The Enough Project’s new-found interest in the links between corruption and mass atrocity is welcome. Here are some proposals for how it could make a difference.

In the introduction to its new project, The Sentry, George Clooney and John Prendergast draw attention the relationship between the flow of money out of state coffers and into purchases that effectively privatize and militarize public funds, with the occurrence of mass atrocities. They write:

Political, military, and commercial elites in these countries – often collaborating with neighbors – control and run the state and its institutions, use their power to transfer a large fraction of society’s resources to enrich themselves, and use brute force to remain in power. In these states, high-level corruption linked to violence is not anomalous; it constitutes the actual system of governance.

Responsibility for this situation, they argue, does not belong to the few corrupt individuals alone, but to entire financial networks from conflict zones into the global economic centers, where they mix with legitimate systems of international finance and trade.

That’s a good beginning. Let’s draw in some of what is known about global illicit financial flows, the criminalization of governance, violence and atrocity, to see what an effective response might look like.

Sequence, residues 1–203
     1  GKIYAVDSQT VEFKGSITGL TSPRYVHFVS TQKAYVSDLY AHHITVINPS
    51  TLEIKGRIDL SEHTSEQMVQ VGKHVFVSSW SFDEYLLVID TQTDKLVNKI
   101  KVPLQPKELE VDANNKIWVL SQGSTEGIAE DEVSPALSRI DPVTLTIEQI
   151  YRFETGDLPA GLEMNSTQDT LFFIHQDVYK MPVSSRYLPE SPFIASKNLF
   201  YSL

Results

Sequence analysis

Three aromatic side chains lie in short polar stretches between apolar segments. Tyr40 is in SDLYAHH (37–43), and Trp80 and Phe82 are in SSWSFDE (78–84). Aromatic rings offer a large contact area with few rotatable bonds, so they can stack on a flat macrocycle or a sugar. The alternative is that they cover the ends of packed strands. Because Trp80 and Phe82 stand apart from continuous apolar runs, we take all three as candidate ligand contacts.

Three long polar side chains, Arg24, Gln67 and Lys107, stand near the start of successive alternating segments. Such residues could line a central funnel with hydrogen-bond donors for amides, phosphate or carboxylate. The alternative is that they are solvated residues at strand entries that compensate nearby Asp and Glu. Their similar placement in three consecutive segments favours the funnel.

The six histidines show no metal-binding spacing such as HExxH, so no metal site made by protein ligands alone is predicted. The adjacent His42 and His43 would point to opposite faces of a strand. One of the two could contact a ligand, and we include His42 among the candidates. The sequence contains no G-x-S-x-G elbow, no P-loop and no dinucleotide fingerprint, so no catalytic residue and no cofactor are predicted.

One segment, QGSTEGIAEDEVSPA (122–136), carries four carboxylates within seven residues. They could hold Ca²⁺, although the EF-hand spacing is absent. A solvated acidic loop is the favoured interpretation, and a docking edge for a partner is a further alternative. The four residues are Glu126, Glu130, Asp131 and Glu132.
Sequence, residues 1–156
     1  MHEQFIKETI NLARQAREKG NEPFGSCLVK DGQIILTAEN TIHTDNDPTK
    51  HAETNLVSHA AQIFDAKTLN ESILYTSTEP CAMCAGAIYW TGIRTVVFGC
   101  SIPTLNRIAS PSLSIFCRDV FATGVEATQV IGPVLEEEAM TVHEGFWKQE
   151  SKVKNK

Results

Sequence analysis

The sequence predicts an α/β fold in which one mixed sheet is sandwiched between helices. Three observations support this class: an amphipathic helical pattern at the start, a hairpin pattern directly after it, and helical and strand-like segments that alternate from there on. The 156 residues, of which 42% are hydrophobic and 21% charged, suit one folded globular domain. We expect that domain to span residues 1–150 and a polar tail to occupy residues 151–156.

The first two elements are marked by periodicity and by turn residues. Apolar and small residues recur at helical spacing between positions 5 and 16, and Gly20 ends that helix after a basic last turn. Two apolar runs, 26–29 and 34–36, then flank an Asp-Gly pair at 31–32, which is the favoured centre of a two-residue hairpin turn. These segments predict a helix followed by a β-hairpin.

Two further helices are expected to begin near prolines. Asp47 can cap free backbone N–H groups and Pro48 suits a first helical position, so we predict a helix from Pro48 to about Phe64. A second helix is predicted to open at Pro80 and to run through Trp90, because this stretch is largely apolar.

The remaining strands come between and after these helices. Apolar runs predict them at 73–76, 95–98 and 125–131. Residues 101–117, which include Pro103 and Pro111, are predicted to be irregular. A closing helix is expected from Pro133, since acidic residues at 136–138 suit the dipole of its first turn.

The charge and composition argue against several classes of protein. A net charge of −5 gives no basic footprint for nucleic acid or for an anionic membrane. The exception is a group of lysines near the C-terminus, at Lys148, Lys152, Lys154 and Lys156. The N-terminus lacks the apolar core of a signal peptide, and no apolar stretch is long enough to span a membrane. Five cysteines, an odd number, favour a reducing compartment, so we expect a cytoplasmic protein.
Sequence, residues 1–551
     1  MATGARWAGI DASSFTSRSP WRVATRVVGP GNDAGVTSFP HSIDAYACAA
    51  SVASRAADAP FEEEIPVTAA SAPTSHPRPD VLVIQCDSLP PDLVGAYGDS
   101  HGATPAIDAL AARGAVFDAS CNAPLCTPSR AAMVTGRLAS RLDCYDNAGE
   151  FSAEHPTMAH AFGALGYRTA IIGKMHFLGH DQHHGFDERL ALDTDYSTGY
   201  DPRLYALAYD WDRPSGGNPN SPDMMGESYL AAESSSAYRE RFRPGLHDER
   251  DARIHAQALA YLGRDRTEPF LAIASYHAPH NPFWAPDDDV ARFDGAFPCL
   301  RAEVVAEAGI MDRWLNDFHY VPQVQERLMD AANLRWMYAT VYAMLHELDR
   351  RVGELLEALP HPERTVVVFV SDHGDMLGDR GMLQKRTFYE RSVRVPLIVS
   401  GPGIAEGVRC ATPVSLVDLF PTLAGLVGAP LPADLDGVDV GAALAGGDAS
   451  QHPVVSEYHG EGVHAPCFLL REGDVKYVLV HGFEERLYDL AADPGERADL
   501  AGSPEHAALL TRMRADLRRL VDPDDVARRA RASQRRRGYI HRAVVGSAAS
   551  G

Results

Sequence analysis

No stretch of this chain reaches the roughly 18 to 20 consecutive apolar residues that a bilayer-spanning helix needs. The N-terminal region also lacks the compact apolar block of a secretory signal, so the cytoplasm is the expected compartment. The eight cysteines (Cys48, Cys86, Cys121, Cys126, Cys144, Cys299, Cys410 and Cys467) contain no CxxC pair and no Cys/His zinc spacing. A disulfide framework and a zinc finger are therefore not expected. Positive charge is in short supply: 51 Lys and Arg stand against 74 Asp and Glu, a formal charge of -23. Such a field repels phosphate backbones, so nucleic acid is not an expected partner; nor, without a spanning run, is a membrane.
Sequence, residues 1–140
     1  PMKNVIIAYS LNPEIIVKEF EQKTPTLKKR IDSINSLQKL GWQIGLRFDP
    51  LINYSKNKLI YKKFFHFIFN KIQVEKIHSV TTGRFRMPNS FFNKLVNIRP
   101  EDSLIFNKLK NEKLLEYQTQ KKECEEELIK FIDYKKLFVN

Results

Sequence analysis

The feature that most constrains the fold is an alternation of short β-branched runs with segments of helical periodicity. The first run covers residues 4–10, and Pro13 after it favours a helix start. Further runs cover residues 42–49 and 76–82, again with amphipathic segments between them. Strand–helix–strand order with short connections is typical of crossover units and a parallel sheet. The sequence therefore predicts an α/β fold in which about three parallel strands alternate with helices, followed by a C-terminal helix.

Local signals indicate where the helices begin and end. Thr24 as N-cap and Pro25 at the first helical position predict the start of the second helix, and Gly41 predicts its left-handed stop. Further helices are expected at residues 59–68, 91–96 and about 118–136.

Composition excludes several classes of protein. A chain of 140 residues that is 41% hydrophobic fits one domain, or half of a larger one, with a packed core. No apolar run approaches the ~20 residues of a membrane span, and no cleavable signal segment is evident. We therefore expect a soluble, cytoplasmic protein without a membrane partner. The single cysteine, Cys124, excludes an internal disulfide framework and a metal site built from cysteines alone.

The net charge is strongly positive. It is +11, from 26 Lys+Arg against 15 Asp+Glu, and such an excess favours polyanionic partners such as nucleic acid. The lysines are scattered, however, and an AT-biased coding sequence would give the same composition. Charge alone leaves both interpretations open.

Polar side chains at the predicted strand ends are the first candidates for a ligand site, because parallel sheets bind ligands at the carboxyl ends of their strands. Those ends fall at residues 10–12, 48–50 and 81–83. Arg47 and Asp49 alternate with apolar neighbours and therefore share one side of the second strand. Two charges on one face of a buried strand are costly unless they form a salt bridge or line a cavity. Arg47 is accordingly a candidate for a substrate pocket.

First: don’t only chase the known bad guys. The Enough Project has a habit of targeting the well-known gallery of rogues. It wasn’t news to anyone that Sudan’s president Omar al Bashir ran a government responsible for mass atrocities against civilians. A project aimed at stopping mass atrocities needed to point out that Bashir’s challengers—the leaders of the Sudan People’s Liberation Movement and Army—did not have a better record. Since the eruption of civil war in South Sudan in December 2013, that fact has become painfully obvious—but the depths of corruption and militarization, and South Sudanese leaders’ sense of impunity and recklessness were evident beforehand. Similarly, everyone agrees that Joseph Kony, leader of the Ugandan Lord’s Resistance Army is a villain. But in terms of sheer numbers of people harmed and damage done to the fabric of society, the Ugandan army is comparably destructive. The Ugandan defense budget is the black heart of corruption in that country—and remains a valued partner for U.S. security cooperation. South Sudan’s pathological political economy appeared on American advocates’ radar only after mass atrocities occurred—let that not be the case for Uganda.